Mourne Textiles was winding down its production when a fortuitous phone call changed the company's course for the better.
Many of us would recognise one of Mourne Textiles' distinctive cushions, or to-die-for throws a mile away, but what is less known, perhaps, is the rich history the company has. It was in fact originally founded by Norwegian-born Gerd Hay-Edie back in 1949.
She was already vastly experienced in textile design before she married her husband, and the two travelled to Shanghai, Calcutta and Hong Kong during the war, where she learnt to weave on local looms with hand-twisted yarns.
Gerd and her husband ended up settling in Ireland somewhat by accident as the war continued, and she set up her workshop that became Mourne Textiles, on the side of the Mourne Mountains overlooking Carlingford Lough.
Unable to source someone to produce her designs, she immersed herself in hand-weaving, importing looms and machinery from Norway, as well as getting a local coffin maker to craft one to her specifications.
Her work was renowned in the design community, being used by iconic names such as Robin Day, Terence Conran, Sybil Connolly and Liberty London. However, by the mid-1980s the original form of the business began to be phased out and demand fell, and Gerd's daughter Karen Hay-Edie was weaving on a commission-only basis.
However, a phone call “totally out of the blue” in 2012 changed everything. Mario Sierra, Karen's son, explains, “The head of home at Margaret Howell in the UK is a mid-century modern collector. She saw some of our samples in a friend’s house, called us for a meeting, and placed a big order.” The pair halted dismantling the last of the looms, started up production again and the rest is (recent) history.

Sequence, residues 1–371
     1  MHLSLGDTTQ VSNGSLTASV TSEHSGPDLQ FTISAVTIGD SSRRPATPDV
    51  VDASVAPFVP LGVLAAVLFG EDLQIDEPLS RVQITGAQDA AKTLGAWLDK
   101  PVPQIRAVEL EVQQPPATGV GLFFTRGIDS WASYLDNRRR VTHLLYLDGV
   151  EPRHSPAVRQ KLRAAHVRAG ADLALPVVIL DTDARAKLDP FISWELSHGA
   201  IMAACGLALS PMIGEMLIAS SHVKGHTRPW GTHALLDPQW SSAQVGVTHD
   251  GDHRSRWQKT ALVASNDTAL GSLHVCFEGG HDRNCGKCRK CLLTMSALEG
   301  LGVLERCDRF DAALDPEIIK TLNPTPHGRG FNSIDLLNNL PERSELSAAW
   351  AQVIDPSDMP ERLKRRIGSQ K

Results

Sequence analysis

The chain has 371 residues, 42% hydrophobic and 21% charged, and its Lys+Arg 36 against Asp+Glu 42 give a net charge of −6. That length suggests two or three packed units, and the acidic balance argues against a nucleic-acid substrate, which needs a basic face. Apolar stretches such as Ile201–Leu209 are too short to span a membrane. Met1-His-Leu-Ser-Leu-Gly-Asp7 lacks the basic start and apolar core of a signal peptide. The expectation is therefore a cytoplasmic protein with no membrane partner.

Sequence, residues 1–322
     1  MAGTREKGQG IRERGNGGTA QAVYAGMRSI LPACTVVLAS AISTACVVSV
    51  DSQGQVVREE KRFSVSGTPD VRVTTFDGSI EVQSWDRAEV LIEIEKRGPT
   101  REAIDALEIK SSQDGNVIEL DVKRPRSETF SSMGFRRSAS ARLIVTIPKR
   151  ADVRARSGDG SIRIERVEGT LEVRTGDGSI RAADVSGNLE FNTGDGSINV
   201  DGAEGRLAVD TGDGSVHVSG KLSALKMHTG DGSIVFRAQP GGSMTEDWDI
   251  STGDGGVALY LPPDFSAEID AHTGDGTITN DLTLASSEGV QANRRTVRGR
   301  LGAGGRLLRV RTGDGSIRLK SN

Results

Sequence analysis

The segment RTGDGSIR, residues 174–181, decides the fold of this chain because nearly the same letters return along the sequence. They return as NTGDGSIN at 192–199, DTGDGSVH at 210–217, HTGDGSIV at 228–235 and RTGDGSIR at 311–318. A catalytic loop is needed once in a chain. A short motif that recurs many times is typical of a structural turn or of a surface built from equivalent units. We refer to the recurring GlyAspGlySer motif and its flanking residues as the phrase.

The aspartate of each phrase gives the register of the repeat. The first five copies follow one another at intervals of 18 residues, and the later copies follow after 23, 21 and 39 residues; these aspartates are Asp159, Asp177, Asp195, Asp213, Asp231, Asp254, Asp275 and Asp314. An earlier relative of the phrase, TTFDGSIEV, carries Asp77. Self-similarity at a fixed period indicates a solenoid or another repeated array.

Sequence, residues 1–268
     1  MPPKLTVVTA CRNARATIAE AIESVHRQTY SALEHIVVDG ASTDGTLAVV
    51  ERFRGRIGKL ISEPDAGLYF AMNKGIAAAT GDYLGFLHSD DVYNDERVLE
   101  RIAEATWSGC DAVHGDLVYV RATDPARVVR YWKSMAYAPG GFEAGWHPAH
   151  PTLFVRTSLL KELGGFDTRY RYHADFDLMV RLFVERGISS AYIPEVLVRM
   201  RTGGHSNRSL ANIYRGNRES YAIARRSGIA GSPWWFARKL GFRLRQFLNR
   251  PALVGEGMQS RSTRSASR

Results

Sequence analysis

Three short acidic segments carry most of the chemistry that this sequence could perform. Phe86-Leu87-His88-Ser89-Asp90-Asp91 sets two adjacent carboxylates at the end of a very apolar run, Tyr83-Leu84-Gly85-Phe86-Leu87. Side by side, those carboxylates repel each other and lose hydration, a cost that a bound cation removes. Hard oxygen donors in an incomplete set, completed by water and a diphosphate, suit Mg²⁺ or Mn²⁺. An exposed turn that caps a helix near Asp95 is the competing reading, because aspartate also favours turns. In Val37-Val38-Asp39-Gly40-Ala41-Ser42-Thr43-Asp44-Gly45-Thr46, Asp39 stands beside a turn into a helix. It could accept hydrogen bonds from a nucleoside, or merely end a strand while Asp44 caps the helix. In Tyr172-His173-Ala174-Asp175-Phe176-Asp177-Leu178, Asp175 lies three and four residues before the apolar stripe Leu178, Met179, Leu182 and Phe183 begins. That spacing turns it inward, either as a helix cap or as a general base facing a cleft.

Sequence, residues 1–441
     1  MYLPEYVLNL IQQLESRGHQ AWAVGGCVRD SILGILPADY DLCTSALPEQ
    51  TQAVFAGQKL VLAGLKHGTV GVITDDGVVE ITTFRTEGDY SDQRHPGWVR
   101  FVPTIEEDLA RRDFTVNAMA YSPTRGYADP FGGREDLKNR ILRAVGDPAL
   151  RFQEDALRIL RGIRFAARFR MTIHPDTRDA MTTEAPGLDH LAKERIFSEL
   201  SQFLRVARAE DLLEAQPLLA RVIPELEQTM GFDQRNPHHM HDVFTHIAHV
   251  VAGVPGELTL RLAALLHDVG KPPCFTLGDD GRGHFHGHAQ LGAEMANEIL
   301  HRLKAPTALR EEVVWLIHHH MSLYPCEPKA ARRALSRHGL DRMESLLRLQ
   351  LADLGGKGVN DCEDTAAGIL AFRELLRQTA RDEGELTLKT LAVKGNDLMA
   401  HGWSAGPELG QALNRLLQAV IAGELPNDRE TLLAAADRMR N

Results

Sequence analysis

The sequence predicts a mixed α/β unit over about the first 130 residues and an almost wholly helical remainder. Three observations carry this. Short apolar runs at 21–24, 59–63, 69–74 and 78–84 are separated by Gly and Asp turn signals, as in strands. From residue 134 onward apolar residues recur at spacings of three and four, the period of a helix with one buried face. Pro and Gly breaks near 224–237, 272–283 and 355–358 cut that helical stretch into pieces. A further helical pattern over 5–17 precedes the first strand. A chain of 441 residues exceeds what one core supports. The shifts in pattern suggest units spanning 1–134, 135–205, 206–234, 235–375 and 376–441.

In just a few years the studio has won countless fans in the Irish Design community with its gorgeous weaves made from Donegal yarn, which are made into a range of homewares, including Mario's recent addition of wall hangings. They were the winners of Best Fabric at the 2017 Image Interiors & Living Design Awards for their contribution to Irish design and craft.
Images: Mourne Textiles
Read more: Want to #shopIrish but don't know where to look? Start with these independent interiors shops
Read more: Here is the full list of nominees ahead of the 2019 Design Awards
Read more: Meet Greystones woodworker Two Wooden Horses, whose work is inspired by music